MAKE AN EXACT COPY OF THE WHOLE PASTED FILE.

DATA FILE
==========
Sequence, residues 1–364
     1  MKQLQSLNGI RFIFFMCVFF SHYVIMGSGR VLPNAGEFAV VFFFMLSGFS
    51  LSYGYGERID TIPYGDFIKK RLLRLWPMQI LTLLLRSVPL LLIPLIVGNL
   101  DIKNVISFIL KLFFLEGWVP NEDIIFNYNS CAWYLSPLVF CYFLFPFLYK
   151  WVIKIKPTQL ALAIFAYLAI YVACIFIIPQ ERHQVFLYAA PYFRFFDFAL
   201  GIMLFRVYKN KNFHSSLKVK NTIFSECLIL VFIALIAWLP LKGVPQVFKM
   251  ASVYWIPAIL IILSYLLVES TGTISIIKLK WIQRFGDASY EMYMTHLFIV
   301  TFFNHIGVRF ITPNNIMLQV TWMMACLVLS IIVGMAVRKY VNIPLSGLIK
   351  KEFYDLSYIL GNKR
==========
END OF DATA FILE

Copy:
Sequence, residues 1–364
     1  MKQLQSLNGI RFIFFMCVFF SHYVIMGSGR VLPNAGEFAV VFFFMLSGFS
    51  LSYGYGERID TIPYGDFIKK RLLRLWPMQI LTLLLRSVPL LLIPLIVGNL
   101  DIKNVISFIL KLFFLEGWVP NEDIIFNYNS CAWYLSPLVF CYFLFPFLYK
   151  WVIKIKPTQL ALAIFAYLAI YVACIFIIPQ ERHQVFLYAA PYFRFFDFAL
   201  GIMLFRVYKN KNFHSSLKVK NTIFSECLIL VFIALIAWLP LKGVPQVFKM
   251  ASVYWIPAIL IILSYLLVES TGTISIIKLK WIQRFGDASY EMYMTHLFIV
   301  TFFNHIGVRF ITPNNIMLQV TWMMACLVLS IIVGMAVRKY VNIPLSGLIK
   351  KEFYDLSYIL GNKR